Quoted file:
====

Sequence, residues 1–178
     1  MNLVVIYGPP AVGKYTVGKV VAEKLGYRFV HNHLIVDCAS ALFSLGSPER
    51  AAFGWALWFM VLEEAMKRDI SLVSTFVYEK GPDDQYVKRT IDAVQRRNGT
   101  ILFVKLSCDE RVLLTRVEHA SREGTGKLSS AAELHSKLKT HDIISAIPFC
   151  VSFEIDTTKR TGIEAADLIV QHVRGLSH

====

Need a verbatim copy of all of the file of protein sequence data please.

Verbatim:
Sequence, residues 1–178
     1  MNLVVIYGPP AVGKYTVGKV VAEKLGYRFV HNHLIVDCAS ALFSLGSPER
    51  AAFGWALWFM VLEEAMKRDI SLVSTFVYEK GPDDQYVKRT IDAVQRRNGT
   101  ILFVKLSCDE RVLLTRVEHA SREGTGKLSS AAELHSKLKT HDIISAIPFC
   151  VSFEIDTTKR TGIEAADLIV QHVRGLSH